Writer: Anton Chekhov
Adapter: Peter Gill
Translator: Helen Rappaport
Director: Tamara Harvey
Reviewer: Charlie Senate
To end the second act, Sonya (Rosie Sheehy), the professor’s assiduous daughter, who, along with her uncle Vanya [Jamie Ballard], manages the estate which has funded her father’s academic career, giddily begs her step-mother Elena (Shanaya Rafaat) to play a little diddy. “Oh, do, do! I could not possibly go to sleep now!” Elena, giddy herself, having finally communed with her step-daughter, quickly assents—but permission must first be had from Sonya’s father, who hates music when he is ill. Sonya scampers off, and when she returns her entire body is a limp noodle. The verdict: “He says, no.”
This is Chekhov’s Uncle Vanya, a poignant comic-tragedy on the theme of a wasted life. It is a lively meditation on aspiration met with disappointment, touched by all the ironic hilarity inherent in such ritualistic ablutions—in the act of people living in a place and doing a thing, without entirely understanding why.
It’s safe to say that Theatr Clwyd’s production does justice to the text. It is well-produced, well-staged, well-performed – it’s simply well-done. But, that word: well –—it just keeps popping up. This production is utterly competent in every way, and, without doubt, boasts many standout performances and more than a few stirring scenes. But, somehow, it also lacks that sparkle, that sheen, that accounts for more than mere veneer in the experience.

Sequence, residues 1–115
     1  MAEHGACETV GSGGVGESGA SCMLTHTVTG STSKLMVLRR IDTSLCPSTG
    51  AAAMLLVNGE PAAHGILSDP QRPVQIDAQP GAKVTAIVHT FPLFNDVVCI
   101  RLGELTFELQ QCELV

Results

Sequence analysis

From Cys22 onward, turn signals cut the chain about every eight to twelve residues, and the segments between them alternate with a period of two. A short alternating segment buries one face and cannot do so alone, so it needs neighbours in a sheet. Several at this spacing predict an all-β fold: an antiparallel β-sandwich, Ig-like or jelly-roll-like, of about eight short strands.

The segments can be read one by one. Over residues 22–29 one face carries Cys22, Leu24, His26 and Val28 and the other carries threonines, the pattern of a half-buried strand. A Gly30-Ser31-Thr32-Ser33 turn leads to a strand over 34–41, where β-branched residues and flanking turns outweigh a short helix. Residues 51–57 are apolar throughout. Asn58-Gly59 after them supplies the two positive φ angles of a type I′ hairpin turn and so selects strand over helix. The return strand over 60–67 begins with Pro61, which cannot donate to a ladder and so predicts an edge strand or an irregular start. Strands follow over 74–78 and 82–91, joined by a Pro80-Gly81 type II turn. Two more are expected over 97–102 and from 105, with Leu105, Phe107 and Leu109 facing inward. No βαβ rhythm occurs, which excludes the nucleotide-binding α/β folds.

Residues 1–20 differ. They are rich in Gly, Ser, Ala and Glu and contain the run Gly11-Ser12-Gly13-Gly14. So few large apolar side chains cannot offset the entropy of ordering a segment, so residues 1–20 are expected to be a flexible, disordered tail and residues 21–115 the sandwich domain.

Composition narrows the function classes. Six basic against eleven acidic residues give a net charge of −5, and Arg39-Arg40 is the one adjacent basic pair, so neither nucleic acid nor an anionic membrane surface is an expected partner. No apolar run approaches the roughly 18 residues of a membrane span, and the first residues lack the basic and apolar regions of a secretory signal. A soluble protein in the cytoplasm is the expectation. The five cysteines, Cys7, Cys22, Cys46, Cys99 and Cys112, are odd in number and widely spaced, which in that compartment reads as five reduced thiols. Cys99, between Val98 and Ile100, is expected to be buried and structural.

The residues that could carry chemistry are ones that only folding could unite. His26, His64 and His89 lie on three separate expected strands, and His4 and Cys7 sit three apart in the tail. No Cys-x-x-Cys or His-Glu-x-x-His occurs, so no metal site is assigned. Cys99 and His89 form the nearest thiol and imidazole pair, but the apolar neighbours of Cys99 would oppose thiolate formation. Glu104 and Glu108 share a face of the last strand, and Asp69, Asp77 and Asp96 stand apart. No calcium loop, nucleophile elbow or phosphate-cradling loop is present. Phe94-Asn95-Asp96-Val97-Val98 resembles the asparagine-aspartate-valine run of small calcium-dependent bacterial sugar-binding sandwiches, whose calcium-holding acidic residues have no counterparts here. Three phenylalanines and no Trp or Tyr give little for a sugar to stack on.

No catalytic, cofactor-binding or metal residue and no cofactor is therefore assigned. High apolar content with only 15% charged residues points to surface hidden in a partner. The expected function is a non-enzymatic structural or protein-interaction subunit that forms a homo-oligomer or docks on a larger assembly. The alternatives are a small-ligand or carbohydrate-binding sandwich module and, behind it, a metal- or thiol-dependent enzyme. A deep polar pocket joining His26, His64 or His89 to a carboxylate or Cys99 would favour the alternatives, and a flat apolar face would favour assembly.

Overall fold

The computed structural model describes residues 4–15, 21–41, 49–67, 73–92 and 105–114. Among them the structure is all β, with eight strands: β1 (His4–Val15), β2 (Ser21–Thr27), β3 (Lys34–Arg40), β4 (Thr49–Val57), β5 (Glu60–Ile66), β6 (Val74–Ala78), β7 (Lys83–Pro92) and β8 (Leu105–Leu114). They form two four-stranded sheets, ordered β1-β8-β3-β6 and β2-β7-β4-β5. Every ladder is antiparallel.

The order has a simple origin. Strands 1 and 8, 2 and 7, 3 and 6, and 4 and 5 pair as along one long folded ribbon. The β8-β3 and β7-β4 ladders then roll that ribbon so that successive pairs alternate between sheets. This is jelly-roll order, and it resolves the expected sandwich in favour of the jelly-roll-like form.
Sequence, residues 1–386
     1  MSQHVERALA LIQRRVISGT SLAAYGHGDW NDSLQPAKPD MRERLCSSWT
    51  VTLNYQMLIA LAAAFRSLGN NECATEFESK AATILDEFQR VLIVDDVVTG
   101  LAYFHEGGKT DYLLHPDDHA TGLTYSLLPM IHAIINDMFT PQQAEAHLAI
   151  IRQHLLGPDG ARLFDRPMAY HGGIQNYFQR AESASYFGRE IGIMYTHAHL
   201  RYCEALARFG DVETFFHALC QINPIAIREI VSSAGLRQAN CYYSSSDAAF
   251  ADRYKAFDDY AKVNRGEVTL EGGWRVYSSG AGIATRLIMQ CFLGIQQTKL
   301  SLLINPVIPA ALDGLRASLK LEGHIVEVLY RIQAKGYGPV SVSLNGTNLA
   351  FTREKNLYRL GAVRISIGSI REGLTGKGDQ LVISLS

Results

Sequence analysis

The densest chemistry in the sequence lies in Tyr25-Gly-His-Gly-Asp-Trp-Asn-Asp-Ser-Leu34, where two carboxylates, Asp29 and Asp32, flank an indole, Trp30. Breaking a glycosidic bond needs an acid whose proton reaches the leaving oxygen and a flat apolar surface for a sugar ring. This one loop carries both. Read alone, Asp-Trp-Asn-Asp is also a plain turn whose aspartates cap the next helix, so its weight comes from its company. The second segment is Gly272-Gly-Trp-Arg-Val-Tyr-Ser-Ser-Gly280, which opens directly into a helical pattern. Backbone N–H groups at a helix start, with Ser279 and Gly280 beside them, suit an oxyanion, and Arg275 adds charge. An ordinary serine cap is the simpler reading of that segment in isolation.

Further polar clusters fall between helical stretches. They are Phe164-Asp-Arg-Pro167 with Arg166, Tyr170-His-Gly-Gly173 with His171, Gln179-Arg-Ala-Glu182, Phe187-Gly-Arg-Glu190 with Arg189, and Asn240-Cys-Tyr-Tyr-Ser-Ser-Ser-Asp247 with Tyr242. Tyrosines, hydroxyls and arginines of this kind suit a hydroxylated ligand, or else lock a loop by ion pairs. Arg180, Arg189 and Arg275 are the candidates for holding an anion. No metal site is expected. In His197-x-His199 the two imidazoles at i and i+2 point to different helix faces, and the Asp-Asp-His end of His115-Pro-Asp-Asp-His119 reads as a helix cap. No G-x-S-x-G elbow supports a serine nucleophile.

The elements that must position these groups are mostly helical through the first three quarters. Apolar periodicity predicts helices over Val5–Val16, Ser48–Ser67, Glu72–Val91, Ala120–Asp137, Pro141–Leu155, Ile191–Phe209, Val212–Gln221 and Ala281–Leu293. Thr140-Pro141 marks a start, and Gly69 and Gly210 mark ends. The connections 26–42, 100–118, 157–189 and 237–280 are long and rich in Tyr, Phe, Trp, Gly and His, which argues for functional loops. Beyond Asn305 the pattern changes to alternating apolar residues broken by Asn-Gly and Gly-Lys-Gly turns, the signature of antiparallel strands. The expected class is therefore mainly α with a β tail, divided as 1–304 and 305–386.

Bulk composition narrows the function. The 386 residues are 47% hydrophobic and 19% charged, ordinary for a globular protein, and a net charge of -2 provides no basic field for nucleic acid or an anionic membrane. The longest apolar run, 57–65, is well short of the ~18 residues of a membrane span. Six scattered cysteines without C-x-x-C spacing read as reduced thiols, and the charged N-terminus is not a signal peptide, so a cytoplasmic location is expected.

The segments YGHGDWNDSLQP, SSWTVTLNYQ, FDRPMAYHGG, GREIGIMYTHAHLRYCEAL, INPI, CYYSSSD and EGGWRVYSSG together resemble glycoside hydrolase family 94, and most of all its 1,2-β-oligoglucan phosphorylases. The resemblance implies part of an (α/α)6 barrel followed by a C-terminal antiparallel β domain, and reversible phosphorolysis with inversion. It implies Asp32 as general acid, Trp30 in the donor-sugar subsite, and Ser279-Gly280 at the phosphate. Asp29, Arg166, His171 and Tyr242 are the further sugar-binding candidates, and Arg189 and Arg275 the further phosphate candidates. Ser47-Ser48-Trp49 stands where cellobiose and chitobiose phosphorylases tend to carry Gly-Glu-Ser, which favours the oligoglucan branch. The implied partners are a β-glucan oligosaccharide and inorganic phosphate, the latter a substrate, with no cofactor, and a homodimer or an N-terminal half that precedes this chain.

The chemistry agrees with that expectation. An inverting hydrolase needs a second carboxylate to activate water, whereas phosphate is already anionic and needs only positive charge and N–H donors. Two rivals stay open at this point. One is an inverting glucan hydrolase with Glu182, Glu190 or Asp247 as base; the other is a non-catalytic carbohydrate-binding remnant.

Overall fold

When Serebryakov (Martin Turner), a retired professor suffering from gout, and his young, frustrated wife Elena, move into his dead wife’s country estate, the clockwork lives of those resident are unduly disrupted. This relocation is spurred not by romanticism, but need: the couple can no longer afford to live in the city; a fact not lost on Vanya, who, along with his niece Sonya, has managed the estate for twenty long years at the cost of his own ambitions. Vanya—clever, insightful, bitter—is infatuated with Elena, as is his similarly-endowed friend, Astrov [Oliver Dimsdale], the country doctor, who considers Russia’s dilapidated forrests the measure of its happiness, and who himself is more than a little admired by the always-commendable, but ordinary Sonya.
Here are the makings for an austere Russian sitcom. But, throughout the first half, the action generally lags, and a number of comic opportunities are missed. Much of the humour that survives seems to rely on eccentric oddities and incongruously modernised gags, rather than the ironies and situational opportunities present in the text. Admittedly, that text, particularly the first two acts, is very much a matter of ‘standing about and talking’—a circumstance that doesn’t lend itself easily to the round, though both director and cast handle this complication admirably. Yet, though the actors take great pains not to impair the view, without the punctuation of those sardonic frivolities or, indeed, the insistence of any stake, the relaxed melange of the first half creates a wall of its own.
The second half picks up considerably, and the production steps up to the plate. There are many wonderful performances here, notably Ballard’s Vanya and Sheehy’s Sonya. Dimsdale, Rafaat, and Ballard provide the intrigue with the miniature-explosions in their disappointed love triangle, and Sheehy, of course, provides the perspective, in the ever-satisfying (and absolutely depressing) closing scene. The set and staging are evocative and the lighting is used subtly and to great effect throughout.
While this production, perhaps, has not tapped every vein available to it, Theatr Clwyd’s Uncly Vanya remains entirely worthy viewing—a wholly capable and occassionally mesmeric rendering of Chekhov’s classic text.
Runs until 14 October 2017 | Image: